CHICAGO – BMW Championship marshals will be busy this week. But they won't be raising their arms to hush spectators because there won't be any. You know why: COVID-19 protocols.
The marshals will be entrusted to help the PGA Tour's top players find their stray drives.
"The rough is thick and gnarly," said Mike Bruni, the tournament chairman and a decades-long member at Olympia Fields Country Club, which is returning to the national spotlight.
Here are 10 things to know about this week's FedEx Cup playoff event.
1. Dustin Johnson will not shoot 30 under.
Johnson was freaky-good last week at the Northern Trust, lapping the field by 11 shots at TPC Boston and making five eagles. He expects Olympia Fields to yield fewer circled scores.
"Olympia Fields is a real golf course," he said. "It's tough and you're not going to make a ton of birdies. You need to drive it in the fairway."
Last year the field feasted at Medinah, taking advantage of soft conditions. Justin Thomas won at 25 under. With the Chicago area dry and no rain expected until Friday, the greens will be "very firm," competitor Brendan Steele said. "With the slope and speed of the greens, it will be dicey."
2. Tiger Woods is one of six past champions in the field.
But that won't necessarily give them an advantage. Woods won this event twice at Cog Hill – five times if you count the Western Open, which the BMW replaced. Johnson won at Cog Hill and Crooked Stick in Indiana. Rory McIlroy also triumphed at Crooked Stick. Jason Day and Marc Leishman won at Conway Farms, and Billy Horschel took the hardware at Cherry Hills in Colorado.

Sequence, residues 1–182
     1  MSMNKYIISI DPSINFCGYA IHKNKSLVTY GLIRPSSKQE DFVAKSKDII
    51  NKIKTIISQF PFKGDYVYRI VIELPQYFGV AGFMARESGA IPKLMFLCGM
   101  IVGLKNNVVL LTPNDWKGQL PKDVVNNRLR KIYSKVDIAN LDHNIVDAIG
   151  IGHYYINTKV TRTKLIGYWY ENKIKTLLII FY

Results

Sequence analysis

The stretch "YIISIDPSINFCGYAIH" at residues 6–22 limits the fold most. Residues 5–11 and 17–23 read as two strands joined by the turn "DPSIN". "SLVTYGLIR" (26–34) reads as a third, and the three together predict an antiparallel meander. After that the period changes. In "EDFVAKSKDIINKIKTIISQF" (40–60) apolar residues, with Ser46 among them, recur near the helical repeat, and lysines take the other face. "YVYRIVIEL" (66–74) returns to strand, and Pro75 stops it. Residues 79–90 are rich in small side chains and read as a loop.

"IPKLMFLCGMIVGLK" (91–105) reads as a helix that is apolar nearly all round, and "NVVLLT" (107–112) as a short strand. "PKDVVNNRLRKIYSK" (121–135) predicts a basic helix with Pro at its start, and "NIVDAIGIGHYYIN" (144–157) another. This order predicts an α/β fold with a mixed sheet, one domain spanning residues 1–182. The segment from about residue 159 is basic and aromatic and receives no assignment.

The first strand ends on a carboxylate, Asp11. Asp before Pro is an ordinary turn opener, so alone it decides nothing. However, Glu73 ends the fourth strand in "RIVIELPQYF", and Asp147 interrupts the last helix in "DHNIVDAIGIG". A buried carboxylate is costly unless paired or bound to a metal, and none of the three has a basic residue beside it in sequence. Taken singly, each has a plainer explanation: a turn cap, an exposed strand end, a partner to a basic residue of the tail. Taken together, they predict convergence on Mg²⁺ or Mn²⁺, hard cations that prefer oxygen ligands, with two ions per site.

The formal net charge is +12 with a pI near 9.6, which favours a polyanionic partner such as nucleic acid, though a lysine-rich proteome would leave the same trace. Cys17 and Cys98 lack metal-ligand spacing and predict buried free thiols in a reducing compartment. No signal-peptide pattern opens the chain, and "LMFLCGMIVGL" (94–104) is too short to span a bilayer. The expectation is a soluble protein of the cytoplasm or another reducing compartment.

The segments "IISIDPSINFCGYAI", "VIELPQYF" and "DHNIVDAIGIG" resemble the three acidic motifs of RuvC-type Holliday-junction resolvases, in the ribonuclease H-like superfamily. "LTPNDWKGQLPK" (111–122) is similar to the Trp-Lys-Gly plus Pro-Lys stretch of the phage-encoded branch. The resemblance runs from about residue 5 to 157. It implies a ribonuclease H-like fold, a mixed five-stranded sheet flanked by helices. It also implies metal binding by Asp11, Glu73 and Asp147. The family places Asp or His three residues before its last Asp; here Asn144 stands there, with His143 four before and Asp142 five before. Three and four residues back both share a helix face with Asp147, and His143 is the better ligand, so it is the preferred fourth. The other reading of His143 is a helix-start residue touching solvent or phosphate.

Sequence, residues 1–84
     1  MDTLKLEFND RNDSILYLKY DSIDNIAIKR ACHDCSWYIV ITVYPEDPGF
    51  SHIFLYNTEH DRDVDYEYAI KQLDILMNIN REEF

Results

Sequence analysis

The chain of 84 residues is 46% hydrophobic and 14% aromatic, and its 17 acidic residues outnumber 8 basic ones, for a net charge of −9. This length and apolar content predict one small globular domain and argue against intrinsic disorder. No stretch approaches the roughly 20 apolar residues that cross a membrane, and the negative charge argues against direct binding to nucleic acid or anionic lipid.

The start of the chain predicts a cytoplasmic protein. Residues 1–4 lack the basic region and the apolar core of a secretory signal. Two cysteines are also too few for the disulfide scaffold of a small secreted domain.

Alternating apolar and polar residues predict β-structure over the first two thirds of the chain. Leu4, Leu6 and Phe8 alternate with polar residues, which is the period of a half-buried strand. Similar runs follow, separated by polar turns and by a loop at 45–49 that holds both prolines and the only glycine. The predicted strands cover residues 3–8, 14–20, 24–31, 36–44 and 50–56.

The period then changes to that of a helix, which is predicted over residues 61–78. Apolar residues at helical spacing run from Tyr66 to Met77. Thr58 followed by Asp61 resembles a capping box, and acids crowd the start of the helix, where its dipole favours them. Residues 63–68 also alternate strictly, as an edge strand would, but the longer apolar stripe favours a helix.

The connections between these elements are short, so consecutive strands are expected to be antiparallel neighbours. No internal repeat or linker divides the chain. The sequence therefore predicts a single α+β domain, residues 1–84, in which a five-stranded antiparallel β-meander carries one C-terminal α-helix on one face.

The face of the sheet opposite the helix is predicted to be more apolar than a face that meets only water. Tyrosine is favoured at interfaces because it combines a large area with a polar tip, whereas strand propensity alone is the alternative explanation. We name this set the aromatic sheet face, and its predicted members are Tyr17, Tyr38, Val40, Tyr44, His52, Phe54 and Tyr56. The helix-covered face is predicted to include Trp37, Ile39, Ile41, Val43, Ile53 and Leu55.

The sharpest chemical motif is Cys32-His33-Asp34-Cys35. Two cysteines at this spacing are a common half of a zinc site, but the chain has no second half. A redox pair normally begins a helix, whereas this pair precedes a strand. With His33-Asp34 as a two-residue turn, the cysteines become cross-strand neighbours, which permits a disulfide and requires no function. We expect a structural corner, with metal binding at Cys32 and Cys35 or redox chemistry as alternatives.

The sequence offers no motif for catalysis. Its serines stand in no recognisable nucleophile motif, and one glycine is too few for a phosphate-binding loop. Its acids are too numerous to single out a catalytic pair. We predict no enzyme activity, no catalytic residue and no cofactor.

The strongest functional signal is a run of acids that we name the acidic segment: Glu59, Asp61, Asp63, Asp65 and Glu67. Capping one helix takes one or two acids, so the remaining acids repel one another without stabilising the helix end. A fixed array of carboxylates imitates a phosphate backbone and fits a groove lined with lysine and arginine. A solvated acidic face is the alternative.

Olympia Fields is a new course for most, but not all, of the pros. Bryson DeChambeau won the 2015 U.S. Amateur there, throttling Derek Bard 7 and 6 in his final match. The Chicago Tribune described DeChambeau at the time as a "strapping 6-foot-1, 190-pound physics major at SMU." Now he's a cartoonish 240 pounds and can snap a driver just by leaning on it.
Matthew Wolff was low man at the 2018 Fighting Illini Invitational at Olympia Fields, firing 65-69-70 for Oklahoma State. Cal's Collin Morikawa, who won the PGA Championship earlier this month, finished one shot behind.
And four players in this week's field – Woods, Adam Scott, Paul Casey and Charles Howell III _ played there in the 2003 U.S. Open, won by Jim Furyk.
3. A slew of big names are missing.
How tough is it to be in the top 70 in FedEx Cup points? Consider who did not make the cut: Jordan Spieth, Brooks Koepka, Rickie Fowler, Justin Rose and Phil Mickelson, who shot a 61 on Monday in his PGA Tour Champions debut.